This week, KIDS COUNT released its 32nd annual data book comparing child well-being in all 50 states. For the fourth year in a row, North Dakota has ranked top in the nation for the economic well-being of children and families. KIDS COUNT is an organization dedicated to data, which is critical to informed policymaking. However, one data point does not tell us the whole story. Without context, we cannot develop effective solutions. Let’s dig into the data to see what it tells us.
For some families in North Dakota, this number one ranking feels accurate. They have secure employment and can pay for necessities like a home, food, gas and a little for savings. However, this is not the case for everyone, and many children and families are getting left behind, especially kids and families of color. Over 18,000 North Dakota children live in poverty. That is the equivalent of every single second and third grade child in the state living without adequate housing, food or other essential needs. These children are at higher risk for experiencing behavioral, social, and emotional health challenges. A family of three lives in poverty if they make less than $21,960 per year, but we know that is hardly enough to meet basic needs.
Because of racist and discriminatory policies and practices, not all children and families have the same access to economic opportunities. In North Dakota, Black, Indigenous and other children of color experience higher poverty rates compared to the overall rate of 11 percent. These outcomes are the direct product of past and ongoing policies and decisions. The legacy for American Indian families is shaped by generations of anti-indigenous policy, including the military campaign that the federal government waged against tribal nations that relocated entire communities to reservations, which today are often farther away from population centers, infrastructure and access to economic opportunity. This means generation after generation, American Indian families have missed out on the same opportunities to build wealth that other families had. The examples do not stop here.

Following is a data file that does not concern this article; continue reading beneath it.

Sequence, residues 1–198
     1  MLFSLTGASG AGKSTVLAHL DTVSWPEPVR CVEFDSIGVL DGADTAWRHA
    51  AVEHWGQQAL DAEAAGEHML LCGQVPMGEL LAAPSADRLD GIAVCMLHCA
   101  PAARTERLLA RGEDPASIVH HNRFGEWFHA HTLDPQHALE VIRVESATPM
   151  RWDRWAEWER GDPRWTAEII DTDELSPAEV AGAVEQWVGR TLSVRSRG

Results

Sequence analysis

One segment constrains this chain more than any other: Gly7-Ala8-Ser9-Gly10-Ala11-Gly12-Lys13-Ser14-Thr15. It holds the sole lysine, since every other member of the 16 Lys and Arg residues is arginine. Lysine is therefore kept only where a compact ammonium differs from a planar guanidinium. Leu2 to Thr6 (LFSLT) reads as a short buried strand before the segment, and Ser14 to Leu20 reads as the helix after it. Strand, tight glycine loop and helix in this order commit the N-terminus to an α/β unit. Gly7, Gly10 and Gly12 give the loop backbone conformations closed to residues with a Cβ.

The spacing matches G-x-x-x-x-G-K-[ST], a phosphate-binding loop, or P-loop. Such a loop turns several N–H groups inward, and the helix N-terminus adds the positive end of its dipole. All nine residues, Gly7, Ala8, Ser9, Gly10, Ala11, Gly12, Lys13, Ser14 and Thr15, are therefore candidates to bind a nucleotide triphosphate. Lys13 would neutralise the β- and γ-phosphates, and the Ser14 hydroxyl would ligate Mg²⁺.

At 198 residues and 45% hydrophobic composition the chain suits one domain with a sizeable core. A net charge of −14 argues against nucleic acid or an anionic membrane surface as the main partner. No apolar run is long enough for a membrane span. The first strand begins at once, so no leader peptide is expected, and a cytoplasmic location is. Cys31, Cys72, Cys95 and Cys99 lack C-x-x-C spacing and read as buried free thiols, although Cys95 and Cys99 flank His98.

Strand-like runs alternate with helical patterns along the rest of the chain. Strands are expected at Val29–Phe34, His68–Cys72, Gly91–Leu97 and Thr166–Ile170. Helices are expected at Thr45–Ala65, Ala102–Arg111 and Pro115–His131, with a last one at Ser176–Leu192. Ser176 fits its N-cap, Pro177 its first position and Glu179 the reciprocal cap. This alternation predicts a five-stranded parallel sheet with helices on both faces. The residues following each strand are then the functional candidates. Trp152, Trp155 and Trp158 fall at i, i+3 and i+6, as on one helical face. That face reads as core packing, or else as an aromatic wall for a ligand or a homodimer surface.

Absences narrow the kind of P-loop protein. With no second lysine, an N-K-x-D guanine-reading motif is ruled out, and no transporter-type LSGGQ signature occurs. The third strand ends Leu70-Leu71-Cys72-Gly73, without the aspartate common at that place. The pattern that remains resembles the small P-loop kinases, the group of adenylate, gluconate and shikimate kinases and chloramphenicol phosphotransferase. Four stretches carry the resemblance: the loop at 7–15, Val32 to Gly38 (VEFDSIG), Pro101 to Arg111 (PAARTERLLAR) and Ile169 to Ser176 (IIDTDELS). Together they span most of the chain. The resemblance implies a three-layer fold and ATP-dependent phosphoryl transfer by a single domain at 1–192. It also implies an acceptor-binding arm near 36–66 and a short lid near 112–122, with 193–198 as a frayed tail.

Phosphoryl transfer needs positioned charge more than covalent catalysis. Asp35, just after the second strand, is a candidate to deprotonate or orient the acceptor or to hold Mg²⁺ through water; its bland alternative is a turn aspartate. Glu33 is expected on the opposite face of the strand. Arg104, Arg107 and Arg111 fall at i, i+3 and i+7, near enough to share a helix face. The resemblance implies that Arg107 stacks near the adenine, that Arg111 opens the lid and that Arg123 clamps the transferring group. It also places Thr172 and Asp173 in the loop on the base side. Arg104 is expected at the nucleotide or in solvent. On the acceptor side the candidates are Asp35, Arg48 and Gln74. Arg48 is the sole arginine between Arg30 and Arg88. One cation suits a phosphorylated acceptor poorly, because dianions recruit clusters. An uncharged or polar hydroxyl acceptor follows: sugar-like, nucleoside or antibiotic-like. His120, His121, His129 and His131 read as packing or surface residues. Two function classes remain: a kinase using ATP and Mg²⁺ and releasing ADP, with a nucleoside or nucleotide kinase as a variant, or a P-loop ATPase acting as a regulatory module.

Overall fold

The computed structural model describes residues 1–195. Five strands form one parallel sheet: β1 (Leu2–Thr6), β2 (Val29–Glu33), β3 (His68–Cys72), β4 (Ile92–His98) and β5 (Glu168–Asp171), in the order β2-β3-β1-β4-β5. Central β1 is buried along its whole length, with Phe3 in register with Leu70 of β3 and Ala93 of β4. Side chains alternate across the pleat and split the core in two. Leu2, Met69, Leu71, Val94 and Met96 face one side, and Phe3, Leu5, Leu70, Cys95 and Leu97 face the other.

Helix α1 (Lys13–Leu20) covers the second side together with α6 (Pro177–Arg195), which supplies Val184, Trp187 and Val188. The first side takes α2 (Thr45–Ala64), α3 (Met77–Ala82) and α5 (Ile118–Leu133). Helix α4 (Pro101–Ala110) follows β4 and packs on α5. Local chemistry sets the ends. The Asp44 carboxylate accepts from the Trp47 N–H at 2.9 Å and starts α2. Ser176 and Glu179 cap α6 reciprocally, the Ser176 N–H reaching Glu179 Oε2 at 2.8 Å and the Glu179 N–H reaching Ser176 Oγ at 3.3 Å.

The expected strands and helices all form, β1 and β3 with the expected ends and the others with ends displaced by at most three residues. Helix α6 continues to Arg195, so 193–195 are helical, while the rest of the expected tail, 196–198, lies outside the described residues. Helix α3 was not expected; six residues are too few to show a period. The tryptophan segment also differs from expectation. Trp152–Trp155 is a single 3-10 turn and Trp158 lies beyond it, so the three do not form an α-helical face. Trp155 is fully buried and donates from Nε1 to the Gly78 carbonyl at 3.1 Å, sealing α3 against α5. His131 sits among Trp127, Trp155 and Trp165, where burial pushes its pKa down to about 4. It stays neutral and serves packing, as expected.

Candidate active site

North Dakota must do better to ensure all children have the economic resources they need to thrive. As the state recovers from the pandemic, now is the time to invest in children and families:
All families should make living wages. A parent with one child who works full-time at minimum wage still lives in poverty. It is time for the minimum wage to be more than poverty wages – it should be set at a level where people can afford the basic necessities.
Make sure families have a safe, affordable place to call home. The most recent data shows that one in six children live in unaffordable housing. When housing is too expensive, families cannot afford other necessities like gas or food.
Families need affordable child care. Full-time child care costs as much as in-state tuition at NDSU. When child care is financially out of reach, families cannot work.
Imagine a state where all North Dakota children grow up with the financial resources to thrive. Better investments for children and families can help North Dakota live up to its “best in the country” ranking.
Xanna Burg is the coordinator for North Dakota KIDS COUNT, a leading resource for data on child and family well-being in the state.